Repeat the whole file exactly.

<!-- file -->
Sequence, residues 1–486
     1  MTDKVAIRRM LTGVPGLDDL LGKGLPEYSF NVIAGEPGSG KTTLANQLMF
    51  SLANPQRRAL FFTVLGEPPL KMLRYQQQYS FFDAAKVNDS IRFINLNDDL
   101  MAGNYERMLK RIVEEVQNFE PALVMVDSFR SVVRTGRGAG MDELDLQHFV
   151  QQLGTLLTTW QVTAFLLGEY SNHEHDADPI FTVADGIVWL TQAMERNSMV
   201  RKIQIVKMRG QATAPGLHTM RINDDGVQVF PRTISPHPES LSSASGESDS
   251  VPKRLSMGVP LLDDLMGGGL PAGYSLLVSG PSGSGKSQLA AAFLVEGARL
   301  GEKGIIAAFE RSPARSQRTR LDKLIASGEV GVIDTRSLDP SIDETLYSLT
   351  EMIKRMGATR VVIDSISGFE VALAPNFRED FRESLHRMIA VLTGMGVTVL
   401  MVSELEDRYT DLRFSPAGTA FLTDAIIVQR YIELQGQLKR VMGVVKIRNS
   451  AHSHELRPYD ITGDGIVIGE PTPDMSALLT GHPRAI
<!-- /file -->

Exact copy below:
Sequence, residues 1–486
     1  MTDKVAIRRM LTGVPGLDDL LGKGLPEYSF NVIAGEPGSG KTTLANQLMF
    51  SLANPQRRAL FFTVLGEPPL KMLRYQQQYS FFDAAKVNDS IRFINLNDDL
   101  MAGNYERMLK RIVEEVQNFE PALVMVDSFR SVVRTGRGAG MDELDLQHFV
   151  QQLGTLLTTW QVTAFLLGEY SNHEHDADPI FTVADGIVWL TQAMERNSMV
   201  RKIQIVKMRG QATAPGLHTM RINDDGVQVF PRTISPHPES LSSASGESDS
   251  VPKRLSMGVP LLDDLMGGGL PAGYSLLVSG PSGSGKSQLA AAFLVEGARL
   301  GEKGIIAAFE RSPARSQRTR LDKLIASGEV GVIDTRSLDP SIDETLYSLT
   351  EMIKRMGATR VVIDSISGFE VALAPNFRED FRESLHRMIA VLTGMGVTVL
   401  MVSELEDRYT DLRFSPAGTA FLTDAIIVQR YIELQGQLKR VMGVVKIRNS
   451  AHSHELRPYD ITGDGIVIGE PTPDMSALLT GHPRAI